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Researcher Insights into the Types of Plagiarism & Attribution Issues

How is plagiarism defined in research? This interactive report displays 10 of the most common and most serious types of plagiarism and attribution issues in research.

As cases of plagiarism in academia and at scholarly journals rise, much discussion has centered on methods of preventing and detecting plagiarism and applying appropriate consequences. Amid the publicity surrounding the National Science Foundation’s discovery of plagiarism in some grant proposals as well as data from Nature citing major spikes in retractions over the past ten years, it has become clear that understanding and addressing plagiarism is more complex than a simple assessment of originality. For universities, research organizations and scholarly publishers to formulate a truly comprehensive strategy for addressing and preventing plagiarism, a thorough understanding of the many shades of duplication is critical.

To facilitate this exploration, iThenticate conducted an online survey of several hundred scientific researchers to gauge their understanding and experience with various forms of plagiarism. Inspired by Turnitin’s Plagiarism Spectrum, the survey asked respondents to rate the severity of each form and report its perceived commonness. See the survey summary.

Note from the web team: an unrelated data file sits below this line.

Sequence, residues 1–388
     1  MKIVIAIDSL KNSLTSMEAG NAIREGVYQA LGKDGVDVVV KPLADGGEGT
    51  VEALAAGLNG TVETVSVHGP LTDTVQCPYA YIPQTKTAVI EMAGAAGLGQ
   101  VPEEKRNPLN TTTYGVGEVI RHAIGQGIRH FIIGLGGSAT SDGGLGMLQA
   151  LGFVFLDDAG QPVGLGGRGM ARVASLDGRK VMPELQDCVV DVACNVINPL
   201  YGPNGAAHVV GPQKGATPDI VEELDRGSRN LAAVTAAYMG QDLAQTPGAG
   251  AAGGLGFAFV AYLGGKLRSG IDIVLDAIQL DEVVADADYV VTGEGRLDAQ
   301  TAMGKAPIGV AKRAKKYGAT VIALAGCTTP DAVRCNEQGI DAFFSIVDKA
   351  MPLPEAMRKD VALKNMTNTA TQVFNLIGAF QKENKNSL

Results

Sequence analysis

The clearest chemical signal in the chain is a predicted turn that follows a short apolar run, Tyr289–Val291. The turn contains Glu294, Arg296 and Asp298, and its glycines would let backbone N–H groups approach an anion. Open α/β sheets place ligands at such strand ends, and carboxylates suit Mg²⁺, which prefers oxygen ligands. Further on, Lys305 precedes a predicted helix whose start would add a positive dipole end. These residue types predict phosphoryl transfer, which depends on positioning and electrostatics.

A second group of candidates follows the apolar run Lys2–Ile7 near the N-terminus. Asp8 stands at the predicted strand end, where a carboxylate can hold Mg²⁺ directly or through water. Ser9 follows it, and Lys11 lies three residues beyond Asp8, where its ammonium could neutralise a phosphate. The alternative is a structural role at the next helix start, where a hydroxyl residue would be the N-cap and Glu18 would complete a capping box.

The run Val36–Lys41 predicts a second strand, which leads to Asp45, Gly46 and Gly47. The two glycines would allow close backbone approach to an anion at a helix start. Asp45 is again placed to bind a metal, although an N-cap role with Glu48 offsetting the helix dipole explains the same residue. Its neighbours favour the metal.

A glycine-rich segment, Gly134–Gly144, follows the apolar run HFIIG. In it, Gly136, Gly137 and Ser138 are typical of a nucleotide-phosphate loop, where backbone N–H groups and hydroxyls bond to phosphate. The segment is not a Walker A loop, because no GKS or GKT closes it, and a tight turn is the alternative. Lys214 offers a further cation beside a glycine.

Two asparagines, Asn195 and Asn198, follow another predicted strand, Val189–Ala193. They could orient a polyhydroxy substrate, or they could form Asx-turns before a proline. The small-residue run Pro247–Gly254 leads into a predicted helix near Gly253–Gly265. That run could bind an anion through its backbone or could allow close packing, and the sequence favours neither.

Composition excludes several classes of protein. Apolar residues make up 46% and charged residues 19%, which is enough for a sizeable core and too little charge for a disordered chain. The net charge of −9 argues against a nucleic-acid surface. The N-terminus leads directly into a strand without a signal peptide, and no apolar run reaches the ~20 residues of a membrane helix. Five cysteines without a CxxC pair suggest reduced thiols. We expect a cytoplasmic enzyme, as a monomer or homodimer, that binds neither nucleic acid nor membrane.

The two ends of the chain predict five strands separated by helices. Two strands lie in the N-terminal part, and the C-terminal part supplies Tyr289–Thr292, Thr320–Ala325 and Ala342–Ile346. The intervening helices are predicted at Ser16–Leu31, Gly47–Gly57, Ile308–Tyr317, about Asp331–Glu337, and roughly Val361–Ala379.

Codifying a clear set of terms and definitions to describe the various types of plagiarism that are present within the research community can:

  • Assist with reducing ethical breaches, retractions and scandals
  • Allow researchers and editors to communicate with clarity about this important matter

To see the interactive web page, please fill out the form on the right side. With your request, you will also receive a link to a shareable infographic!

If you are an iThenticate customer, you may skip filling out the below form and email us for a direct link.

Posters

A poster version of this report is also available. A poster enables a broader reach for sharing the information with faculty, researchers and graduates to help inform them about the definitions of plagiarism and assist with preventing future misconduct incidents. Request posters for your institution or department (U.S. mailing addresses only).

 

Thank you very much for the great brochure you sent to me on Research Ethics, and for the website you created to highlight the findings of your survey. I would like additional brochures to post in our academic library, as well as in research areas around campus.
- Teresa Hartman, MLS, Associate Professor | Head, Education Department | McGoogan Library of Medicine University of Nebraska Medical Center

View the Types of Plagiarism in Research